If an employer is subject to federal wage and hour laws under the Fair Labor Standards Act, the employer is also subject to the federal Equal Pay Act. Under this Act, employers must pay an equal wage to both men and women who perform the same work. Exceptions for merit, seniority or other non-gender reasons may justify unequal pay.
4. Discrimination because of Age
Employers with 20 or more employees are subject to the Age Discrimination in Employment Act (ADEA). The ADEA prohibits employers from discriminating against employees who are over the age of 40 simply due to their age. A common action under the ADEA is when an employee over the age of 40 is forced to retire or is fired and replaced with a younger employee.
5. Discrimination due to National Origin
Enacted at around the same time as when the government strengthened laws prohibiting employers from hiring illegal aliens, the Immigration Reform and Control Act is intended to prevent employers from refusing to hire anyone who appears to be a foreigner. Employers with three or more employees are prohibited from discriminating against any United States citizen or a person who is legally permitted to work within the United States, due to his or her national origin.
The Equal Employment Opportunity Commission
Something that very few people understand about filing a discrimination lawsuit is the requirement to file a Charge of Discrimination with the Equal Employment Opportunity Commission (EEOC) prior to filing a lawsuit against the employer. The EEOC requires an individual—who believes that he or she has been the victim of employment discrimination under any one of the above laws, except the Equal Pay Act—to file a charge with the EEOC. The EEOC may direct the parties to settle the dispute through mediation; however, if the mediation fails, an EEOC investigation will follow.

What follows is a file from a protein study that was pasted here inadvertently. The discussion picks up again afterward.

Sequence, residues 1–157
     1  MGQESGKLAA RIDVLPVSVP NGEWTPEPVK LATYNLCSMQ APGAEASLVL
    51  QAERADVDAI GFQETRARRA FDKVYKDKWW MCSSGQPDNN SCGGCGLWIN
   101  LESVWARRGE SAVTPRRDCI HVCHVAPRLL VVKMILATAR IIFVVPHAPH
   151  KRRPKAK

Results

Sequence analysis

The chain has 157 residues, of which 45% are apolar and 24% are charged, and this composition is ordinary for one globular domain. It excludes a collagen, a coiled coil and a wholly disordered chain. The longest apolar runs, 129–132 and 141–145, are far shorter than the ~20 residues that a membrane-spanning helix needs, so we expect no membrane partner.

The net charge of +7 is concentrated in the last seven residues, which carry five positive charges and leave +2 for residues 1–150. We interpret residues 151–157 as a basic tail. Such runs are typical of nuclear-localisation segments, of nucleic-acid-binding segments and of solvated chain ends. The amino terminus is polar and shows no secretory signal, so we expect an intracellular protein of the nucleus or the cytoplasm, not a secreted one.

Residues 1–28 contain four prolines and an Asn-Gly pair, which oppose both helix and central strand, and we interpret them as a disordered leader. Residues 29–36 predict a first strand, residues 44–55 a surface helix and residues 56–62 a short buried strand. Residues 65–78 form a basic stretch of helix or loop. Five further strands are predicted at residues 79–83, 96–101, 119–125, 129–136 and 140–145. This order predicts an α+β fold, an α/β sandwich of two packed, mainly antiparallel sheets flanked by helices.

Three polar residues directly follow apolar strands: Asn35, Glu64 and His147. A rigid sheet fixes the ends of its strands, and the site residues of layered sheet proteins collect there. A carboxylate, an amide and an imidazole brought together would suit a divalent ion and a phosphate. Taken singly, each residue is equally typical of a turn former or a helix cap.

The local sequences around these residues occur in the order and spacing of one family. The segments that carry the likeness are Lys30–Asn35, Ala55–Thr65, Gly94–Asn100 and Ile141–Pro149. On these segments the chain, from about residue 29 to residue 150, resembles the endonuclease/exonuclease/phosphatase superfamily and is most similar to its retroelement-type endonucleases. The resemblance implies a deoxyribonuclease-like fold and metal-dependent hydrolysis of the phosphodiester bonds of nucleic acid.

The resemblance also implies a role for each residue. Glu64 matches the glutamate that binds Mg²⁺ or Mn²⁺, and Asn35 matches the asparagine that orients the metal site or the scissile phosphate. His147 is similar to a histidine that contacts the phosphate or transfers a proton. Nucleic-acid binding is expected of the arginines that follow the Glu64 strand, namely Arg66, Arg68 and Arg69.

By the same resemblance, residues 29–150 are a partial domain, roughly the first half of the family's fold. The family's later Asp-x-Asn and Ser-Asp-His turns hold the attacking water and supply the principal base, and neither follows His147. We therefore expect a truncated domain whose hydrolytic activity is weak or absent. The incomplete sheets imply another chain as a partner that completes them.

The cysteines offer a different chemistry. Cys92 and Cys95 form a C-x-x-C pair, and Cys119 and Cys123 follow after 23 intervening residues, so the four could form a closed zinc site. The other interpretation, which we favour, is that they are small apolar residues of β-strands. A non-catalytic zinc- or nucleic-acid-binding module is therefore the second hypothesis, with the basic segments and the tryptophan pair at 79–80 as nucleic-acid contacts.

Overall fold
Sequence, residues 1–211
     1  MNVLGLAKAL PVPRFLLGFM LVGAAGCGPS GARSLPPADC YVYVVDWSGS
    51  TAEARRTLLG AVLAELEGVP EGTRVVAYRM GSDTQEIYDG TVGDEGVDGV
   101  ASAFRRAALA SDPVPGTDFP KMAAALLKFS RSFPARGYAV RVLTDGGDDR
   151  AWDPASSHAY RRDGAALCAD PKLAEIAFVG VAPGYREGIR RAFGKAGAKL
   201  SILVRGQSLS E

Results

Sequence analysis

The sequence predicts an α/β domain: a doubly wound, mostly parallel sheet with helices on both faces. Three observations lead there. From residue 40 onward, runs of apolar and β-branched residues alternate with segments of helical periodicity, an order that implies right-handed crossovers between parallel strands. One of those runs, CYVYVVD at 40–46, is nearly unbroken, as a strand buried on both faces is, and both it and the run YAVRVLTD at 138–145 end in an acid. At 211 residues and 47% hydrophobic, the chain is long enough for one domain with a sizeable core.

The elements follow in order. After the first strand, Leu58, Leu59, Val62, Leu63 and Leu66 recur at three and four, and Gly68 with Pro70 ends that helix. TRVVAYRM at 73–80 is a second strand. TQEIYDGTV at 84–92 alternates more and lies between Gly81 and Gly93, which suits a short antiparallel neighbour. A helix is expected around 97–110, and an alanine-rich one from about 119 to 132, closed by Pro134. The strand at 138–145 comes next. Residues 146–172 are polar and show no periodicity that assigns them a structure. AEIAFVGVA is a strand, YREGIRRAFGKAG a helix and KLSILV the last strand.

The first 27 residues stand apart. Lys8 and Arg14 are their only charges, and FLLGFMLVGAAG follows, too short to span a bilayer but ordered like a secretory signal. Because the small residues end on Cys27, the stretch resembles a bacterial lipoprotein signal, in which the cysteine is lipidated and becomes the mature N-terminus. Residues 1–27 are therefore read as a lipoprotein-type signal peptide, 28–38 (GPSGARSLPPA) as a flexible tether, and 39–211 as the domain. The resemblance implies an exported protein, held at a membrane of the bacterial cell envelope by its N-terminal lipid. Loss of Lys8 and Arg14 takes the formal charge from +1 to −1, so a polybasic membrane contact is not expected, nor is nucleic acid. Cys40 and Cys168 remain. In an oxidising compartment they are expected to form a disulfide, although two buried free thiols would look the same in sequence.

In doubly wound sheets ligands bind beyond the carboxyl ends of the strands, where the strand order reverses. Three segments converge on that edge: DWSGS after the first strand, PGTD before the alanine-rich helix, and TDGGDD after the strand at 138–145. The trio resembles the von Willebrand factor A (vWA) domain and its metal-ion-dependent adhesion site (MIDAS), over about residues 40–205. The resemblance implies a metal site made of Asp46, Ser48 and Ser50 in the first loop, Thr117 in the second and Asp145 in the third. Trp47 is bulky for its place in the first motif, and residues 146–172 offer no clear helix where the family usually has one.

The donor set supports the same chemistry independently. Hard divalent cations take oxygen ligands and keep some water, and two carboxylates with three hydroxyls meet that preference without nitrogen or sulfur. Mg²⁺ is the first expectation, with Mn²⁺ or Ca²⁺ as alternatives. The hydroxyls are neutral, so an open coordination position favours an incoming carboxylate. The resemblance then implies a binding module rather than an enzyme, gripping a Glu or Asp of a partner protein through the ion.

If the EEOC investigation determines that the employer did not violate any laws, a Notice of Right to Sue will be issued, allowing the individual to file a lawsuit to settle the claim. If the EEOC investigation reveals that the employer did violate one of the anti-discrimination laws, the EEOC will attempt to resolve the claim with the employer. If the claim cannot be voluntarily resolved, the EEOC will file a lawsuit against the employer or issue a Notice of Right to Sue, allowing the individual to proceed with the filing of a lawsuit.
Notes of Particular Interest
If you believe that you are the victim of employment discrimination, you should contact an experienced labor law attorney or employment rights attorney as soon as possible. Deadlines to file claims with the EEOC can be as short as 180 days, and failing to file a claim within these time limits may bar you from filing a claim forever. Furthermore, the statutes of limitations for lawsuits vary but with the same result: failing to file a lawsuit before the expiration of a statute of limitation bars the claim forever.
In addition to federal laws against discrimination, many cities, counties and states have enacted their own employment discrimination laws. Hiring an experienced employment law attorney is important because you need someone who is familiar with the federal and local laws that apply to your claim of discrimination. The sooner you consult with an attorney, the better the chance you have of recovering damages from the employer.